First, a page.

Fusarium head blight (FHB) is a worldwide disease in cereal crops, causing significant yield losses, grain quality reductions, and the production and accumulation of mycotoxins in the grain. The objective of this work was to analyse the influence of climatic factors on the incidence of FHB, the Fusarium species involved, and the mycotoxin content in wheat across Ireland during 2001, 2002 and 2003. At least ten field sites were selected each year. Two hundred ears of winter wheat were collected randomly at each site at mid-anthesis, milky-ripe stage and at harvest. Visual disease incidence, FHB species and mycotoxin analysis were completed. Temperature, relative humidity (RH), leaf wetness (LW) and rainfall were recorded at each site from early June (mid-anthesis) to the end of August (harvest). Results showed that FHB was present throughout Ireland in each year. There was no significant difference in disease incidence in 2001, 2002 and 2003, indicating that overall disease incidence in the country did not change. Disease severity however, was found to be higher in 2003 than 2002. Species-specific PCR showed that, across the sites, five Fusarium species were detected each year, but the relative abundance of each species varied dramatically. In 2001, F. culmorum was the predominant species and M. nivale var. nivale was the least, whereas M. nivale var. majus was the predominant species detected in 2002 and 2003. Mycotoxin analysis showed that in 2001, deoxynivalenol (DON) was present in all sites; zearalenone (ZON) was detected at 11 out of 12 sites and nivalenol (NIV) was detected in 10 sites. In 2002 mycotoxin incidence was low with DON, ZON and NIV present in less than 5 of the 13 sites. In 2003 DON was present in 7 out of 10 sites, ZON was detected at 3 out of 10 sites and NIV was detected in 1 out of 10 sites. There was no significant correlation between the visual symptoms (average head incidence), the amount of Fusarium (quantitative PCR), and the amount of mycotoxins, implying that mycotoxin accumulation may have occurred in healthy-looking grain. Statistical analysis showed significant correlations between visual symptoms and LW in 2001. Rainfall was significantly correlated with mycotoxin levels in 2001 and 2002.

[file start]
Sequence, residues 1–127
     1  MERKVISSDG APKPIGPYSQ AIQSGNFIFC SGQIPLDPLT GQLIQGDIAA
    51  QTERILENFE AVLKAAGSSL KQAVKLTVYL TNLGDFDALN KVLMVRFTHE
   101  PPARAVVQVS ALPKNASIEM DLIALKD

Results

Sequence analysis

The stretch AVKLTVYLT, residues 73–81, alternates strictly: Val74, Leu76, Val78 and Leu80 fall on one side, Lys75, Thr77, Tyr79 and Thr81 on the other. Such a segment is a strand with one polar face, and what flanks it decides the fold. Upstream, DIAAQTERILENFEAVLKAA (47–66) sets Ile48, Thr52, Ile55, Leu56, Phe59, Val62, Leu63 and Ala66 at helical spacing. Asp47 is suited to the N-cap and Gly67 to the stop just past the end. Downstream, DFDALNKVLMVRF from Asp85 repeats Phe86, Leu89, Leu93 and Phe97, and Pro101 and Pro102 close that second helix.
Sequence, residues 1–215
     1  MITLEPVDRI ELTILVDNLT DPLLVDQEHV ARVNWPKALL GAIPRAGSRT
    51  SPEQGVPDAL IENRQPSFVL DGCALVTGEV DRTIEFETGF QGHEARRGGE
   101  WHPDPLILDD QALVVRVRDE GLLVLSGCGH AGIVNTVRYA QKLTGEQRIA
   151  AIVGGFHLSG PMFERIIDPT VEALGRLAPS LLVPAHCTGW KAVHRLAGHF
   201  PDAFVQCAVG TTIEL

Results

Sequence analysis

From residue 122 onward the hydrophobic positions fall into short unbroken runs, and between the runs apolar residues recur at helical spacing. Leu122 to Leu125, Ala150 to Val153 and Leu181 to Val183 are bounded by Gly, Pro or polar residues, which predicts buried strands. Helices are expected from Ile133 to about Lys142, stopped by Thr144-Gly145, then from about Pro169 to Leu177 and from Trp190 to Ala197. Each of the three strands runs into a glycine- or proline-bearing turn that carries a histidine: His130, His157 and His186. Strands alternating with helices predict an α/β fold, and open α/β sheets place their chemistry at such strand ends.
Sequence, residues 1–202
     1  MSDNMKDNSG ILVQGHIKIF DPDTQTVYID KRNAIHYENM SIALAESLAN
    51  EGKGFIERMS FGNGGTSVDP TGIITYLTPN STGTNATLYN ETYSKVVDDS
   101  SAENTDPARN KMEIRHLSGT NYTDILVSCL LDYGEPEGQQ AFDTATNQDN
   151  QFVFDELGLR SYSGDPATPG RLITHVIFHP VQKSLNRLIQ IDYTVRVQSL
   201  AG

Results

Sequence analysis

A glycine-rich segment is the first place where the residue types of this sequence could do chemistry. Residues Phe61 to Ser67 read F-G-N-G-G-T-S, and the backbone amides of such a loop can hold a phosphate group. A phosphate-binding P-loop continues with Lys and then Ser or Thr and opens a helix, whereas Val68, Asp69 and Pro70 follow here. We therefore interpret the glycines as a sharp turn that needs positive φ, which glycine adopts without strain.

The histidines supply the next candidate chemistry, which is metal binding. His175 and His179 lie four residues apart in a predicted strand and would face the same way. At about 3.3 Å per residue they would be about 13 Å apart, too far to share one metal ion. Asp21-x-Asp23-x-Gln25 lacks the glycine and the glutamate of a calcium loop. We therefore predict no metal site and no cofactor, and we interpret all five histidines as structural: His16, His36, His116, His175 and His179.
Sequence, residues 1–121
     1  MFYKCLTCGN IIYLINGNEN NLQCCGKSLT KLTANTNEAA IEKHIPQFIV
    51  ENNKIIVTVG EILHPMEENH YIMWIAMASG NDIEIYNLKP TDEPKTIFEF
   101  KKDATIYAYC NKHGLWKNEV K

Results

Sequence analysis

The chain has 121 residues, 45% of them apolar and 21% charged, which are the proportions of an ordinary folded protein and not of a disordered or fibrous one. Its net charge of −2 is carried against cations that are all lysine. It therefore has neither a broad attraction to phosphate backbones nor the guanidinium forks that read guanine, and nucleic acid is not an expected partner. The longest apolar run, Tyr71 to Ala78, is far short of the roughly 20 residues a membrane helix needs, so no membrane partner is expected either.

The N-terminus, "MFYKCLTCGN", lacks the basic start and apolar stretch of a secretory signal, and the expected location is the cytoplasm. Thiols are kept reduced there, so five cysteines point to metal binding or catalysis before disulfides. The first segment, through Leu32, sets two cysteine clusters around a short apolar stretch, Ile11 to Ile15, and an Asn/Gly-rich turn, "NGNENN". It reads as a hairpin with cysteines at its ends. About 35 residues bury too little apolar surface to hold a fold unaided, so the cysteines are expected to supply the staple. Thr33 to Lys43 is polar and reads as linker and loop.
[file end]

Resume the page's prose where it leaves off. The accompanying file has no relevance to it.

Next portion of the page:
Development of potato tuber diseases caused by Rhizoctonia solani
Alex Hilton, R Griffin-Walker, S Matheson and SJ Wale
SAC, Craibstone Estate, Aberdeen, Scotland
Rhizoctonia solani AG-3 causes a number of diseases of potato including, stem and stolon canker in the growing crop, black scurf and russetting on the tubers. Stem canker and black scurf are greater where crops are placed under stress but the cause and relationship to crop development and russetting are not understood.